What are Stigmata?

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  • Written By: Niki Foster
  • Edited By: Sara Z. Potter
  • Last Modified Date: 09 September 2019
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Stigmata are manifestations on a living person of the five Holy Wounds suffered by Jesus Christ during the crucifixion. A case of stigmata may involve anywhere from one to all five of the wounds, or other injuries associated with the crucifixion, and they may manifest as physical wounds, marks, or simply pain. The word stigmata is Latin for "marks" and is drawn from St. Paul's Epistle to the Galatians.

Stigmata are often associated with the Catholic Church, where they were historically considered signs of sainthood. Many reported cases of stigmata affected Catholics, usually women. Stigmata cases are sometimes an isolated incident and sometimes recur over the life of the stigmatic. The first and most famous case of stigmata struck St. Francis of Assisi in 1224, and many cases appeared throughout the Middle Ages and into the modern day, including a number of saints. Interestingly, many cases of stigmata have recently been reported among non-Catholics and even the non-religious.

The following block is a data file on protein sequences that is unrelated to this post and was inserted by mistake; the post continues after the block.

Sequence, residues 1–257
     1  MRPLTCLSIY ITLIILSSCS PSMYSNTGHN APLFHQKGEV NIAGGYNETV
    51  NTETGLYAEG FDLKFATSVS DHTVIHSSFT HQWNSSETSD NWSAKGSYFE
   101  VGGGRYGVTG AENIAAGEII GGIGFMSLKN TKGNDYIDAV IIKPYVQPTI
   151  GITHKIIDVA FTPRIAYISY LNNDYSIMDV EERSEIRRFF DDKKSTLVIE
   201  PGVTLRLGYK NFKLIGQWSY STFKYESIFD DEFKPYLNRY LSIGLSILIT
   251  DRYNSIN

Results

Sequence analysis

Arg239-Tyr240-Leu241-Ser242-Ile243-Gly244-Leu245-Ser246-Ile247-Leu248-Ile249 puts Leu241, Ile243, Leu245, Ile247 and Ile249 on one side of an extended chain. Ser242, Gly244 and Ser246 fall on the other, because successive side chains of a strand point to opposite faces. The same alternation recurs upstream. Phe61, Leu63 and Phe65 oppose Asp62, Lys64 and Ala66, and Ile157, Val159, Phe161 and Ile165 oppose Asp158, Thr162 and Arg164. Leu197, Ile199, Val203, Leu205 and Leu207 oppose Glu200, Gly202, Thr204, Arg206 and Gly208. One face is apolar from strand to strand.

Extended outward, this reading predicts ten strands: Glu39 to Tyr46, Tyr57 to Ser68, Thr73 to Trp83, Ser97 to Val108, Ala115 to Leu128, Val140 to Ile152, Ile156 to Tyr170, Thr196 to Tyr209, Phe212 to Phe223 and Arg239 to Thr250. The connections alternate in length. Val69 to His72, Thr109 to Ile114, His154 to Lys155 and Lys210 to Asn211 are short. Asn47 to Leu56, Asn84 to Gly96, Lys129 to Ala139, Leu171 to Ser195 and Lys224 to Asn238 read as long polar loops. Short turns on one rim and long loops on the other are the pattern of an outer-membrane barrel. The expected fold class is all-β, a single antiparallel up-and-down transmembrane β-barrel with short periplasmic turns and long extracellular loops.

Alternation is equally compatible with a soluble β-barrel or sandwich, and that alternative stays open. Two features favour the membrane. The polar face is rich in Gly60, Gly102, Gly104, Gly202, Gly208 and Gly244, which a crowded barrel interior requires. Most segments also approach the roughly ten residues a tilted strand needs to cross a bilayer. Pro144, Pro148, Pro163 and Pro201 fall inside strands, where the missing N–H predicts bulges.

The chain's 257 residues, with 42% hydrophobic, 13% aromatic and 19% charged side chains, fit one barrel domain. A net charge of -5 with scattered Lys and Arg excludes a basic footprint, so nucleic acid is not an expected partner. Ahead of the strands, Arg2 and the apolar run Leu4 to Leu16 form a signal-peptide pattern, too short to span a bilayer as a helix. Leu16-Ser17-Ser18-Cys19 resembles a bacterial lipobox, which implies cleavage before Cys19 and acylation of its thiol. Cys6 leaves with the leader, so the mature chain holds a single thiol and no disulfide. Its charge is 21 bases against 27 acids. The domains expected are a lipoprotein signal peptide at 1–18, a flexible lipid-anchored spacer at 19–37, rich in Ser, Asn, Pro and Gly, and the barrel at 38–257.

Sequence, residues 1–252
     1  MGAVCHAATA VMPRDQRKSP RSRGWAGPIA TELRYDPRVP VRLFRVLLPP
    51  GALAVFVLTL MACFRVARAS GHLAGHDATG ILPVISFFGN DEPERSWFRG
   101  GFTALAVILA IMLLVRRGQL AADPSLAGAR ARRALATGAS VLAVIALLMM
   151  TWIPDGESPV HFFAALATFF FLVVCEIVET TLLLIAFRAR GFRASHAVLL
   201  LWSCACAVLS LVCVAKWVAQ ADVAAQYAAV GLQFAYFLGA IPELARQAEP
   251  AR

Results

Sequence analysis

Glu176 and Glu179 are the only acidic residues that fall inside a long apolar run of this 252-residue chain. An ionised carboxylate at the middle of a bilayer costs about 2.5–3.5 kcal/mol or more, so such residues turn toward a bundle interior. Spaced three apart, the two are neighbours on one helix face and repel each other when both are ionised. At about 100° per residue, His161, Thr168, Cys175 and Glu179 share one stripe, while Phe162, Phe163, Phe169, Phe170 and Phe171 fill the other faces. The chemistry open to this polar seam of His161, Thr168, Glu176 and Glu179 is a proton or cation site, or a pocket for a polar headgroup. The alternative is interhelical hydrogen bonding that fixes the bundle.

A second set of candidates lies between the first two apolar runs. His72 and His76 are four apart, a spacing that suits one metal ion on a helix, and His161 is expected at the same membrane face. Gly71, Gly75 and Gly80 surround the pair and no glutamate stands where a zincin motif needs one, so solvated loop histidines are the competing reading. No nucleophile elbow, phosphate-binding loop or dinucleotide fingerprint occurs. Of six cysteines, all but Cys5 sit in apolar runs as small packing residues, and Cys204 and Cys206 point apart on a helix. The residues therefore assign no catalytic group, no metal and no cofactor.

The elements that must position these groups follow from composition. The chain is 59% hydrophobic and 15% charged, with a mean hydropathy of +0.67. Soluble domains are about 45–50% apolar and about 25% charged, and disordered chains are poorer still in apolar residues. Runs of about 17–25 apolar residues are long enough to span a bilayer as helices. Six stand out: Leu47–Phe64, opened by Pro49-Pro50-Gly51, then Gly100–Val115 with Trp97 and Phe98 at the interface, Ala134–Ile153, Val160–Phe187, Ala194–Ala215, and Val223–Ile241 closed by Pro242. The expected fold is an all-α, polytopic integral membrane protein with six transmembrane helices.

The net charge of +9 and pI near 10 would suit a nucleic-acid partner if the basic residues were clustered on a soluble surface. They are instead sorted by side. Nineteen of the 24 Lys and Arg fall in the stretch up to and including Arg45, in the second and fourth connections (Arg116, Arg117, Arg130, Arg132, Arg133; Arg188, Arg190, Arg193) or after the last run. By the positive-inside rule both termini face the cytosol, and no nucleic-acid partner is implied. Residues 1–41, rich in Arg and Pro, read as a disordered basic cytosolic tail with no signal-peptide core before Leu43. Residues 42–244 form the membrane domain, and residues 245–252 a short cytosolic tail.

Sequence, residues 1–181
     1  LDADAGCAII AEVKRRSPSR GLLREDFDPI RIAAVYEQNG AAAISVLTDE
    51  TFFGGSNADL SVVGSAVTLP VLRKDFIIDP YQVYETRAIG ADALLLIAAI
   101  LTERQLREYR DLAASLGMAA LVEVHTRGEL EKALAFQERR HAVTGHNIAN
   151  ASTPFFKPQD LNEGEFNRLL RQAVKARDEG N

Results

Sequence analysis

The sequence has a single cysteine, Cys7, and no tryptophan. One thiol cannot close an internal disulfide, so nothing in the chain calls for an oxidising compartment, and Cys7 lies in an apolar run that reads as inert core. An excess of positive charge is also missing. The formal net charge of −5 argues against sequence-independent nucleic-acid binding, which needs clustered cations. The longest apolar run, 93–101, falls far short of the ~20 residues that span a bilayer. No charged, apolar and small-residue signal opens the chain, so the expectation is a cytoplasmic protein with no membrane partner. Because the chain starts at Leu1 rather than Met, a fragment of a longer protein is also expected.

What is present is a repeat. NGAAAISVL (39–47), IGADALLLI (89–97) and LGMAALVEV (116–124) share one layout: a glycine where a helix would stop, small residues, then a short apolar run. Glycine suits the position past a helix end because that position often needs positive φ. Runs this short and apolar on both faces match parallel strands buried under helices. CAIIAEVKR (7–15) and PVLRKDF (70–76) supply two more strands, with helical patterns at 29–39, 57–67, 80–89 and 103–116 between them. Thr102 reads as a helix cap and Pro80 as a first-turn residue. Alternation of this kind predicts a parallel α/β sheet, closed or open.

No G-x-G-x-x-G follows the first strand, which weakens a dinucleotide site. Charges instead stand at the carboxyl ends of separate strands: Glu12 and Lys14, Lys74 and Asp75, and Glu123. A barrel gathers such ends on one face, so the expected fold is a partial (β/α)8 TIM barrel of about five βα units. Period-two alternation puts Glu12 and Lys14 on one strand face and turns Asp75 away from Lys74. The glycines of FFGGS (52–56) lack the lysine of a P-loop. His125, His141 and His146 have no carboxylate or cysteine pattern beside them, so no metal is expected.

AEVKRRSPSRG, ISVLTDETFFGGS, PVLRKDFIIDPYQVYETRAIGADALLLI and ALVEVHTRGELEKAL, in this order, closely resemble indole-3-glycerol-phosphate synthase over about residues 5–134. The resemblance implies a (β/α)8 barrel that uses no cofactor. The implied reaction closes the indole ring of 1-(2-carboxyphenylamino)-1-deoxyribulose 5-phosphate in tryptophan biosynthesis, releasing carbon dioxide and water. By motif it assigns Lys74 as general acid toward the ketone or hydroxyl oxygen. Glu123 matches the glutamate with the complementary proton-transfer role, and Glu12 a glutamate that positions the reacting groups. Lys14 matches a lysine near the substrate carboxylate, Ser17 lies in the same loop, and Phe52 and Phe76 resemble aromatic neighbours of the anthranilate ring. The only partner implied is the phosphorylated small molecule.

The five Holy Wounds of Jesus Christ are nail wounds in the hands and feet and a pierced side. Stigmata may also involve wounds reminiscent of those from the Crown of Thorns or from the beating that Jesus endured. Besides spontaneously appearing, stigmata may have other mystical qualities, such as a failure to clot or a sweet, floral scent. Stigmata cases are not consistent: nail wounds have been known to appear in the hands or the wrists, and either the right or left side of a stigmatic may show the piercing wound.

Though the phenomenon of stigmata is well documented, there is debate about what causes it. At least some cases are certainly self-inflicted, and a few stigmatics have confessed to faking their condition. Stigmata that are not faked may be caused by a psychosomatic condition, in which the affected person identifies with Christ and the crucifixion so deeply that he or she develops sympathetic wounds. To put this last idea in a less religious way, stigmatics may think their wounds into existence through desire or unconsciously through the power of suggestion.


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Post 2

I wonder if the person feels any pain?

Post 1

I would imagine that the church would take a long and hard look at these cases before accepting the wounds to be real and not a hoax.

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